In his original review of this CD, an important reissue from the Collins Classics English Song Series, John Steane was particularly struck by the Four Songs for voice and violin, settings of medieval texts, inspired by the composer hearing one of his pupils singing to herself and playing her violin in Thaxted Church. I also find them singularly moving, especially in this plangently toned performance by Susan Gritton. She is no less remarkable in the Six Songs, early pieces in which Holst perfectly responds to an eclectic choice of poetry, nowhere more so than in the opening piece from Tennyson’s ‘In Memoriam’.
Philip Langridge is equally well suited to the 12 Humbert Wolfe settings, H174, to which he brings his customary gift of an immediate response to the texts in hand. His empathy with poet and composer here could not be closer. The Vedic Hymns are more rarified, mystical territory and not so easy for singer or listener to encompass. Christopher Maltman does well by them, except where an incipient beat (since eliminated from his vocal armoury) sometimes spoils pleasure in his singing.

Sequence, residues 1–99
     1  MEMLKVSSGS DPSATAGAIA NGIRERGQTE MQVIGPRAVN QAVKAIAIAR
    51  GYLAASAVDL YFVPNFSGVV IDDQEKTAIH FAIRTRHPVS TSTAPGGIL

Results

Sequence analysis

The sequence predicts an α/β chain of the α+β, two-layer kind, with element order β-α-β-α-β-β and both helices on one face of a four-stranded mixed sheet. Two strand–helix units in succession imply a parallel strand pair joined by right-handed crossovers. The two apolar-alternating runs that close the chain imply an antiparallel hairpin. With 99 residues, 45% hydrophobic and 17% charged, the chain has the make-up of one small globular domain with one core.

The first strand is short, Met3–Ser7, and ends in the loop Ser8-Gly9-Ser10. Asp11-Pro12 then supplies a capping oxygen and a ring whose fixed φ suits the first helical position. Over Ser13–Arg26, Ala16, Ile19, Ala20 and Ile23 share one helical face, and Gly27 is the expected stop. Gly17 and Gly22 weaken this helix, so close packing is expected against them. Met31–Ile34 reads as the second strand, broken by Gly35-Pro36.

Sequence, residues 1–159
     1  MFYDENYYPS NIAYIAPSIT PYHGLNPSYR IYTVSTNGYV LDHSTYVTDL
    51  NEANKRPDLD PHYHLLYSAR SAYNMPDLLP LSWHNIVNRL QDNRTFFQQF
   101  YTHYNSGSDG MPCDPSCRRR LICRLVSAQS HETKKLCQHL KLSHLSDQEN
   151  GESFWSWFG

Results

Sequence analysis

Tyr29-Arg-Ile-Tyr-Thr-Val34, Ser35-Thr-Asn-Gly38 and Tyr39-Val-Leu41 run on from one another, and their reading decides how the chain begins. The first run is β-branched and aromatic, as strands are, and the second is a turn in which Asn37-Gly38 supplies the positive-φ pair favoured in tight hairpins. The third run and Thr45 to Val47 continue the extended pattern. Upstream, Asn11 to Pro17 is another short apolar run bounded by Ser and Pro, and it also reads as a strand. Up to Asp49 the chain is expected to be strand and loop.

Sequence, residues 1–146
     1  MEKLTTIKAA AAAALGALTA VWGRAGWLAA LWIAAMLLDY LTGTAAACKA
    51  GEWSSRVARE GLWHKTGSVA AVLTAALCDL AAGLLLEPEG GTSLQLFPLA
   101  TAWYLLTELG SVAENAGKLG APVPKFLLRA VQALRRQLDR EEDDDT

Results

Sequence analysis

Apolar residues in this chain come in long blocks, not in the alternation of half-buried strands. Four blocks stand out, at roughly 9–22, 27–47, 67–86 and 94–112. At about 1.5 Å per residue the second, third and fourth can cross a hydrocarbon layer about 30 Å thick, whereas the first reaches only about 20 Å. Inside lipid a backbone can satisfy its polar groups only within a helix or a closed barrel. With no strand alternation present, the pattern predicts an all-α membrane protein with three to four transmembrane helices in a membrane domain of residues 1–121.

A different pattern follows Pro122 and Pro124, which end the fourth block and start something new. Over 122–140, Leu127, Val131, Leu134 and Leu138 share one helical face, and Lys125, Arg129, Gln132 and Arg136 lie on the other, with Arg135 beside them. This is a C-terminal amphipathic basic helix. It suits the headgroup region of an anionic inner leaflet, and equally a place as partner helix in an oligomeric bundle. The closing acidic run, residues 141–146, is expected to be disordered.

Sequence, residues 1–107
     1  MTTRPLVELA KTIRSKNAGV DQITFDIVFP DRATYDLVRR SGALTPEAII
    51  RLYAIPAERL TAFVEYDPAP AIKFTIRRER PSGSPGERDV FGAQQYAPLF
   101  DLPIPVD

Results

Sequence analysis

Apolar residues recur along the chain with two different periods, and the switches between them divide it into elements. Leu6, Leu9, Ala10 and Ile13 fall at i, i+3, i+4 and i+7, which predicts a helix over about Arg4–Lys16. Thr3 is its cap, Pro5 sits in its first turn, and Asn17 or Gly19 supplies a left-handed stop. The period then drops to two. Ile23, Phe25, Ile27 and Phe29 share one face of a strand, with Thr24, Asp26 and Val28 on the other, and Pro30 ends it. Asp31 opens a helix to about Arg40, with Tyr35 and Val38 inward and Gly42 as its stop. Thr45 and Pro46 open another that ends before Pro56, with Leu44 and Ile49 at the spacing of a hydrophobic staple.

Pianist Steuart Bedford is responsive to all the varying moods of these groups, and in the opening group Louisa Fuller is the sensitive violinist.